that time of year


The air is growing colder, the sky is growing greyer and the change of the season is something that can be felt all around, like the coming of rain. Something that has always marked the change of the year to me has been the beginning of deer season. As a child I remember my father, grandfathers and uncles going off to hunt. It always signaled the start of the holiday season to me back then, shortly after opening day came Thanksgiving, then Christmas and the New Year. Then snow was something looked forward to.

When I was old enough to hunt it was back when my grandfathers were alive. Opening day was a ceremonial event, remembered for the gathering of my father, my grandfather, my uncles, my friends and their brothers and fathers. For a while even my sister participated. Opening day was a valid excuse to be absent from school in my hometown. The hunting was enjoyable, but the real memories were in the gathering around the thermos cups of coffee and telling tales of the big ones that got away, the hunts of years gone bye and the family legends and tales that we all have.

As the years have gone by, the grandfathers have passed away and the friends have moved away or moved along. For a number of years it was just my father and I. Now, after his bypass, I have gone out to the woods only a handful of times. While I am blessed with three beautiful daughters, none of them are interested in getting up in the early morning hours and braving the weather and the cold to walk the woods. Last year my partner decided to pick up the shotgun again and we went out a for few days and plan on going again this year. While it is still enjoyable and my partner has become a good friend, in some ways deer season has changed from being a ceremony of community and continuing tradition, to a symbol of the changing of human life.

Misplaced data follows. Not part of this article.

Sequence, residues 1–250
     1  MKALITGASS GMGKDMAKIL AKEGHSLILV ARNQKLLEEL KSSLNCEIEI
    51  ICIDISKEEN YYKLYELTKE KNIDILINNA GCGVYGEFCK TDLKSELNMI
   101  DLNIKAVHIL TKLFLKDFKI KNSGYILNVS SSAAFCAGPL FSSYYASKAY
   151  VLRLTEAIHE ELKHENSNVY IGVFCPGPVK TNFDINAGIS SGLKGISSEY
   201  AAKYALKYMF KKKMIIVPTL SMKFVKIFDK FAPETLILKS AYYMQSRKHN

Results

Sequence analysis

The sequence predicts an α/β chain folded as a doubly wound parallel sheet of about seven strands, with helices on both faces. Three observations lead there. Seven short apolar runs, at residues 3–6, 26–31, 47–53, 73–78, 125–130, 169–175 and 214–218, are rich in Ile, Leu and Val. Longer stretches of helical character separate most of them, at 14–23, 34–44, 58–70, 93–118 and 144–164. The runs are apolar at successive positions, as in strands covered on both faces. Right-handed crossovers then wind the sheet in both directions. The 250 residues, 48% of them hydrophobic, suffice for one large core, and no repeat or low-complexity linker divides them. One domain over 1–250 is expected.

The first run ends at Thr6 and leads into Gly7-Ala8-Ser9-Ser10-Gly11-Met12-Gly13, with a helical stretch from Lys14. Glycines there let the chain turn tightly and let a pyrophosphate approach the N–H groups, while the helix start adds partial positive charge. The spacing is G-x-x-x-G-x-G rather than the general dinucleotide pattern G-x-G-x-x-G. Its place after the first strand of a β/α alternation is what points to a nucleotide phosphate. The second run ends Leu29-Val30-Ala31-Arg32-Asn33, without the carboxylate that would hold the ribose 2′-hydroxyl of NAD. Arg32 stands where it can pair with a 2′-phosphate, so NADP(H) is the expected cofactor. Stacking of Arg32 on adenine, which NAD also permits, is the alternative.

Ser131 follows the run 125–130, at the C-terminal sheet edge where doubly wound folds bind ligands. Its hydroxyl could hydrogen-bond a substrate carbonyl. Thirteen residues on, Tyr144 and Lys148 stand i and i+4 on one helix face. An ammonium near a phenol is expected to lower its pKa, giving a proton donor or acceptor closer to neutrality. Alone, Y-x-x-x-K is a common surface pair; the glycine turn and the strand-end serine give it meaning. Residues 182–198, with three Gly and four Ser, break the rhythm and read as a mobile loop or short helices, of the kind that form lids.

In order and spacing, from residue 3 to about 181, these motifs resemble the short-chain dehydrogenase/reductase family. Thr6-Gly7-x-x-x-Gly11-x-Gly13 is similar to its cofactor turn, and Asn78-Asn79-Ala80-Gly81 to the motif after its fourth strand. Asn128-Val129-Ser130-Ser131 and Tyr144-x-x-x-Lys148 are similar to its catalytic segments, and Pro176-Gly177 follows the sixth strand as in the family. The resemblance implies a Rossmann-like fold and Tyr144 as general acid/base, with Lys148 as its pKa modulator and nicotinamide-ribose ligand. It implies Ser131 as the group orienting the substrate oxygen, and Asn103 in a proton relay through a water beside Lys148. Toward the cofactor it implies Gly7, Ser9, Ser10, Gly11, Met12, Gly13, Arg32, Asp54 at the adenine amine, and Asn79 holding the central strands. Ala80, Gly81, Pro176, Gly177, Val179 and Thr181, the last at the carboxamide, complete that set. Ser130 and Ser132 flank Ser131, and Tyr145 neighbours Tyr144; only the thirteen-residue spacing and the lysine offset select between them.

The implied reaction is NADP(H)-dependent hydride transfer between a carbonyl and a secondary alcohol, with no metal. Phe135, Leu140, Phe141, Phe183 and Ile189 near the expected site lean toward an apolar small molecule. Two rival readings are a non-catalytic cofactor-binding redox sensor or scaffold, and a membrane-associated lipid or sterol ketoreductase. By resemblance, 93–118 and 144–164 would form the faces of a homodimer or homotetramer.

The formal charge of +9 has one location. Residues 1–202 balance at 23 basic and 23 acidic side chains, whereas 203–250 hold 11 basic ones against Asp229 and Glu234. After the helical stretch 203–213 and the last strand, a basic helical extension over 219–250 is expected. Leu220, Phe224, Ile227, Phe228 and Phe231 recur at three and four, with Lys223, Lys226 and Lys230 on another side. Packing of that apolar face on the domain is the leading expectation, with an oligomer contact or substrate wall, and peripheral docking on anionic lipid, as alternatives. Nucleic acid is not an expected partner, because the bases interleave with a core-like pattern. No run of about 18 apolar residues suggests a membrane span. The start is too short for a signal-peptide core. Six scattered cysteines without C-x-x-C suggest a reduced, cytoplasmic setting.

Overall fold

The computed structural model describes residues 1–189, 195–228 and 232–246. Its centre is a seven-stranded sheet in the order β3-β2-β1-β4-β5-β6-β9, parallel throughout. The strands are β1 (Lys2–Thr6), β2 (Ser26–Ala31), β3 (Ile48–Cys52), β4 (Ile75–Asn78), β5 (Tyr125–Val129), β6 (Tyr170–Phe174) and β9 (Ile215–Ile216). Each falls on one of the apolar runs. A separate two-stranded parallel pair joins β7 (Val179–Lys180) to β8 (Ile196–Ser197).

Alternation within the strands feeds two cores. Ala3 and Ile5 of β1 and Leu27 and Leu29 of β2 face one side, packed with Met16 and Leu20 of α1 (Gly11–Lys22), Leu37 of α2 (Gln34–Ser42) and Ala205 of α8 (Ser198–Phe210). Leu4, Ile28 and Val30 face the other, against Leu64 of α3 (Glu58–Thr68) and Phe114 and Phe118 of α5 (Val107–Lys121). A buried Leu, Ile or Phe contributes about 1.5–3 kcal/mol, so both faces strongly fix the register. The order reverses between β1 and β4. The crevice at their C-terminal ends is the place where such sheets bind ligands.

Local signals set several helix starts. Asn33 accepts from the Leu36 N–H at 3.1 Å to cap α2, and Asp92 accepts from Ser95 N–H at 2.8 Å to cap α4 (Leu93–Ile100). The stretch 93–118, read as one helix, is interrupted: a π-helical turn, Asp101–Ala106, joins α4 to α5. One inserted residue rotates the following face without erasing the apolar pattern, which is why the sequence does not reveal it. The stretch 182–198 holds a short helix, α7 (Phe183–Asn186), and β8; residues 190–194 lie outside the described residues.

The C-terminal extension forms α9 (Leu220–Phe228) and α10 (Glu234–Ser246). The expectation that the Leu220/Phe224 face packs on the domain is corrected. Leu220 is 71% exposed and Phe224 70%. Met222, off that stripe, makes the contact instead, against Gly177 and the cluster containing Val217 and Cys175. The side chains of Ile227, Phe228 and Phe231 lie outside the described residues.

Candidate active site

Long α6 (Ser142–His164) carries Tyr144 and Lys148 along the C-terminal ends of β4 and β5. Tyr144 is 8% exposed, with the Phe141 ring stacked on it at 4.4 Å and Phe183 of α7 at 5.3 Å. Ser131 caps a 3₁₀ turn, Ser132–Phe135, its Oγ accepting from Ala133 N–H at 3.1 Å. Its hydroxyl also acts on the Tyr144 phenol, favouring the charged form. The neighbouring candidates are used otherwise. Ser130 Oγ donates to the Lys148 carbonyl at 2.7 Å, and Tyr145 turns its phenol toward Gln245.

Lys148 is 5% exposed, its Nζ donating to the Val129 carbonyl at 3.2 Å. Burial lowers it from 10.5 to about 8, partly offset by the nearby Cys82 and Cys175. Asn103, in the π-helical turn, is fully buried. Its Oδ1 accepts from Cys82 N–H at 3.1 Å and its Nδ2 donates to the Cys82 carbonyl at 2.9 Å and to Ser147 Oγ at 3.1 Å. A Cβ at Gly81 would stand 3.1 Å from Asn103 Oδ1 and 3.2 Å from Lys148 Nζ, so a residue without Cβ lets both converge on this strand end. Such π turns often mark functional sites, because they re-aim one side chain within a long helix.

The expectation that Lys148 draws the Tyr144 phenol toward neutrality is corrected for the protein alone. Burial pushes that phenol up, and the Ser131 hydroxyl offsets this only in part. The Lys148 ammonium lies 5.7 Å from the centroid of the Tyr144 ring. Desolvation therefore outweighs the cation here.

Advertisements

One thought on “that time of year”

  1. Boy… Those could be my father’s words. I never got to go on one of those big family hunts he had as a child, but I do treasure the occasional hunt with my dad that living 2500 miles away allows. It never really matters how successful we are.

Leave a Reply

Fill in your details below or click an icon to log in:

WordPress.com Logo

You are commenting using your WordPress.com account. Log Out / Change )

Twitter picture

You are commenting using your Twitter account. Log Out / Change )

Facebook photo

You are commenting using your Facebook account. Log Out / Change )

Google+ photo

You are commenting using your Google+ account. Log Out / Change )

Connecting to %s